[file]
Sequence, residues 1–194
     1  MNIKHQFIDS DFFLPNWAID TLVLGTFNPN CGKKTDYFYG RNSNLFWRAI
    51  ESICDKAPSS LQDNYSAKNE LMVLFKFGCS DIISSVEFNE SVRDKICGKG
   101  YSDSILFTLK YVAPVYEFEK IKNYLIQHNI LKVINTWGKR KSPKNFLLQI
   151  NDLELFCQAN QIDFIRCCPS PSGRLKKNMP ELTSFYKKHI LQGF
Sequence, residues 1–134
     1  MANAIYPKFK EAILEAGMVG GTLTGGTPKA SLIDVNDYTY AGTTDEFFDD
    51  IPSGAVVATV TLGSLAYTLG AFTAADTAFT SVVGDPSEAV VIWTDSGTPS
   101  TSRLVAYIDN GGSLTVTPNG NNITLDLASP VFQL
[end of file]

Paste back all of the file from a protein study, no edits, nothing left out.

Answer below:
Sequence, residues 1–194
     1  MNIKHQFIDS DFFLPNWAID TLVLGTFNPN CGKKTDYFYG RNSNLFWRAI
    51  ESICDKAPSS LQDNYSAKNE LMVLFKFGCS DIISSVEFNE SVRDKICGKG
   101  YSDSILFTLK YVAPVYEFEK IKNYLIQHNI LKVINTWGKR KSPKNFLLQI
   151  NDLELFCQAN QIDFIRCCPS PSGRLKKNMP ELTSFYKKHI LQGF
Sequence, residues 1–134
     1  MANAIYPKFK EAILEAGMVG GTLTGGTPKA SLIDVNDYTY AGTTDEFFDD
    51  IPSGAVVATV TLGSLAYTLG AFTAADTAFT SVVGDPSEAV VIWTDSGTPS
   101  TSRLVAYIDN GGSLTVTPNG NNITLDLASP VFQL